This briefing paper highlights the importance of ASEAN members to Chinese companies. It also outlines ways to tap into the bloc's vast potential via Singapore, one of the most advanced economies in the world and one that boasts a longstanding relationship with China.
In volatile times, the countries in the Association of Southeast Asian Nations (ASEAN) remain a relative bright spot and zone of opportunity for Chinese investors searching for growth. With a combined market of over 600 million consumers and a rapidly expanding middle class on China's doorstep, the region is a natural starting point for mainland firms expanding abroad.
This briefing paper highlights the importance of ASEAN members (Brunei, Cambodia, Indonesia, Lao, Malaysia, Myanmar, Philippines, Singapore, Thailand and Vietnam) to Chinese companies. It also outlines ways to tap into the bloc's vast potential via Singapore, one of the most advanced economies in the world and one that boasts a longstanding relationship with China.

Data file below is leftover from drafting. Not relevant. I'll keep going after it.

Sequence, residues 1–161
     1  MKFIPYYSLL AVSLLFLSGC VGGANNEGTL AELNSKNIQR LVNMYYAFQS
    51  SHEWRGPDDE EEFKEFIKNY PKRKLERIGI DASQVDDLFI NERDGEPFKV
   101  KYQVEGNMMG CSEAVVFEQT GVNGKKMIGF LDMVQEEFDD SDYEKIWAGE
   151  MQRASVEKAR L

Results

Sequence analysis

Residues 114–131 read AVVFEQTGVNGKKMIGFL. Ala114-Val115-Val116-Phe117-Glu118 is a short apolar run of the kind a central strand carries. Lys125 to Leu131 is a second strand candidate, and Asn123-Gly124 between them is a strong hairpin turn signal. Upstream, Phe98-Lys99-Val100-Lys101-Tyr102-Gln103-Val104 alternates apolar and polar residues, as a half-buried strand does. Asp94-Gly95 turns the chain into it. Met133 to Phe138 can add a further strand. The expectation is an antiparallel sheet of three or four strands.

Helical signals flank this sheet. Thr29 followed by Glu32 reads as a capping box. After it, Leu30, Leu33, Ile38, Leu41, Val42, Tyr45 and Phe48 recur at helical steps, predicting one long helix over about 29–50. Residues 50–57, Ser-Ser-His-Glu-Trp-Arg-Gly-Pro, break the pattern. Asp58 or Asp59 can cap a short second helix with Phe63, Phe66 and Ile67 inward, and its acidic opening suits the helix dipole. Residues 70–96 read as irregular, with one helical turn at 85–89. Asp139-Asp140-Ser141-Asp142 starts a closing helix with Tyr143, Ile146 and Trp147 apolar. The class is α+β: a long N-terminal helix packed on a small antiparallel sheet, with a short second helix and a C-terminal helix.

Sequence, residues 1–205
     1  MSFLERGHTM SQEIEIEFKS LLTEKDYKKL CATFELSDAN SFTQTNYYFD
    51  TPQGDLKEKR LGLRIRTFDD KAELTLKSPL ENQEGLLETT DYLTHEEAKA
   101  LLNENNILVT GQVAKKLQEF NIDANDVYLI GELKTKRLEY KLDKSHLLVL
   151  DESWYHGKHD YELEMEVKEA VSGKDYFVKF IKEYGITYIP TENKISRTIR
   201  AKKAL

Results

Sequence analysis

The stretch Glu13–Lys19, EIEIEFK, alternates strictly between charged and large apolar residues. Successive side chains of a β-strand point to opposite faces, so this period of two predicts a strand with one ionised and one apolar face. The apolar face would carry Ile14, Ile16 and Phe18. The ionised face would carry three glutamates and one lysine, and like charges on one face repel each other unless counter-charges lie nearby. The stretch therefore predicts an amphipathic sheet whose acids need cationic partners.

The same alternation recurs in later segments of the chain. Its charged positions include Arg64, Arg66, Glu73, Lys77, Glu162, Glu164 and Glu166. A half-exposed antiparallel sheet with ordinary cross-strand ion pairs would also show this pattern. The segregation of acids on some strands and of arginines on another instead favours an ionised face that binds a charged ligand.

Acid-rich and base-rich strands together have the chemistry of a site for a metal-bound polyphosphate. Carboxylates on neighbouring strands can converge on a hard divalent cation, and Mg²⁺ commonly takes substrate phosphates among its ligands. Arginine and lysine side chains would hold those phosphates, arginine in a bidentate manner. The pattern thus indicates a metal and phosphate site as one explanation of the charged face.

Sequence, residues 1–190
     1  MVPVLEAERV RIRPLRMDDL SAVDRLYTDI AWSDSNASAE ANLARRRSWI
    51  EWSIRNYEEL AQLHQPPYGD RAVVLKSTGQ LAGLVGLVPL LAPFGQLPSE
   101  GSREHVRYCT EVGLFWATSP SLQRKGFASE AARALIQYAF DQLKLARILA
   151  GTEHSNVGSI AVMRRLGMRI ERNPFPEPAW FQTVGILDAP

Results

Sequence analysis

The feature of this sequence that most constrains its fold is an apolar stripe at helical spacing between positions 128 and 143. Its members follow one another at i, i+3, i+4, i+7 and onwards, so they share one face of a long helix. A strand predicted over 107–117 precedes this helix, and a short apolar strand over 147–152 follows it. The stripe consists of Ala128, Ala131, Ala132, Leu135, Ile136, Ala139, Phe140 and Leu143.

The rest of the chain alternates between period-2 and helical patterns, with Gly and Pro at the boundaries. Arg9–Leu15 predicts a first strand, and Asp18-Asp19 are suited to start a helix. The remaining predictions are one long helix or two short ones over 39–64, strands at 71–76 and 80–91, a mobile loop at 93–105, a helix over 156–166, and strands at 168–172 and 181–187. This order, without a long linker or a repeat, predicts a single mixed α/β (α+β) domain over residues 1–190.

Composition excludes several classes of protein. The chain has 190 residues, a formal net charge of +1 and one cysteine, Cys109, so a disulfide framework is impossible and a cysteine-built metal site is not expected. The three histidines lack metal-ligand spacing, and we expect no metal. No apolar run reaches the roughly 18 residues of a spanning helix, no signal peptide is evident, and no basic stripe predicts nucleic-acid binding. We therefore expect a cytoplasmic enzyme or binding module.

The key takeaways, based on proprietary research and contributions from senior executives at TMF Group and Singapore's Economic Development Board (EDB), include:
- ASEAN is expected to see a surge in Chinese investment over the next decade given geographical proximity, a rising consumer class, improving infrastructure and strengthening regional economic and trade ties.
- Singapore will play a pivotal role as a regional gateway for Chinese firms looking to access ASEAN, particularly in high value-added sectors such as advanced manufacturing, technology and pharmaceuticals/biotechnology.
- Singapore has a justified reputation for its pro-business policies, favourable regulatory environment, highly skilled workforce and first-rate infrastructure.
- A regional strategy is essential for long-term success, given the varying levels of development and infrastructure and vastly disparate and complex regulatory regimes among ASEAN member nations.
- Support from a local partner with in-depth knowledge of and an on-the-ground presence in key regional centres is critical to navigate sensitive cultural issues and rapidly evolving business environments.
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